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Calcium Channel Blockers

Also called: CCB, Slow Channel Calcium Antagonists, Calcium Antagonists, Slow Channel Blockers, Calcium Channel Antagonists

- Summary
- About calcium channel blockers
- Conditions treated
- Conditions of concern
- Potential side effects
- Drug or other interactions
- Symptoms of overdose
- Lifestyle considerations
- Pregnancy use issues
- Child use issues
- Elderly use issues
- Questions for your doctor

Reviewed By:
Kerry Prewitt, M.D., FACC
Abdou Elhendy, MD, PhD, FACC, FAHA
Robert I. Hamby, M.D., FACC, FACP


First identified in the late 1960s, calcium channel blockers (also called CCBs or calcium antagonists) are non-habit-forming medications that are used to relax the smooth muscles of the arteries and arterioles as well as the heart muscle, which reduces the workload on the heart and causes a drop in blood pressure.

Calcium is considered an excitatory element. In other words, when calcium flows into certain cells, such as smooth muscle cells located in arteries or muscle cells in the heart, it causes them to contract. In a normal heart, the regular heart rhythm is controlled by the flow of ions such as calcium and potassium into and out of muscle cells.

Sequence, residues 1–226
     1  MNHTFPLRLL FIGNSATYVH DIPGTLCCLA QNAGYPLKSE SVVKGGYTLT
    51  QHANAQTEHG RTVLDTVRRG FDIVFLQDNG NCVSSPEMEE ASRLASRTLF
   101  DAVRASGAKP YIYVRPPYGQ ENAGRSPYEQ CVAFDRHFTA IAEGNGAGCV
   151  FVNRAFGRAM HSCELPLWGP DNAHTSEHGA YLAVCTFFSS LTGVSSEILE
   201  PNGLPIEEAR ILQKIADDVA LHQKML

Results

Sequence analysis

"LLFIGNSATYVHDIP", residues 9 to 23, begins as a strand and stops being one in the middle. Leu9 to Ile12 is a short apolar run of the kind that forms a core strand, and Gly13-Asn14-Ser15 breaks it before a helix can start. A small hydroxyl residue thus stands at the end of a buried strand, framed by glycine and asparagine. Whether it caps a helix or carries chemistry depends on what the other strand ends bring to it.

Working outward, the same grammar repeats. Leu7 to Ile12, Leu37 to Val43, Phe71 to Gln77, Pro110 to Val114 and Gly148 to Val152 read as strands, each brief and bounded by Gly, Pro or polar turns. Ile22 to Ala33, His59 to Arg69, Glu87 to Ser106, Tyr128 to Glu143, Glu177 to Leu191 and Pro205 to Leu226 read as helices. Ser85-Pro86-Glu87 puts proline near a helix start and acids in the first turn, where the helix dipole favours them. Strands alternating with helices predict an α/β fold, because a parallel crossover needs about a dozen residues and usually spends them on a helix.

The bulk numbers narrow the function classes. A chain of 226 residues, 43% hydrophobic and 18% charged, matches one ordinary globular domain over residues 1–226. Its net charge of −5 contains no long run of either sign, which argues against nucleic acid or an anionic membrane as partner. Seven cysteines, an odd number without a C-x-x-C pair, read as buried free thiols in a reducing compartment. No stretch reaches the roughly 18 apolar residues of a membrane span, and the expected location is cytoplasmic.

Calcium channel blockers fall into one of two categories. Some of them affect the contractile strength of the heart, while others are vasodilators that cause arteries to relax and widen. The choice of which calcium channel blocker to use depends on the condition being treated. By inhibiting calcium, physicians are able to reduce the contractile energy of arterHypertension is the medical term for high blood pressure (the force of blood against artery walls).ial smooth muscle and heart muscle.  As a result, blood pressure is lowered and circulation is improved. Calcium channel blockers may be prescribed for people with high blood pressure (hypertension). They also reduce the workload of the heart, so they may be prescribed for hypertrophic cardiomyopathy.

Other conditions that may be treated by these medications include coronary artery disease, certain abnormal heart rhythms (arrhythmias) and history of a specific type of heart attack.

Side effects may include a brief headache that should fade over time. The medication can also cause low blood pressure (hypotension), dizziness, swelling (edema) in the lower legs, constipation, fatigue, stomach discomfort, heart failure and conduction defects.


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Review Date: 03-05-2007

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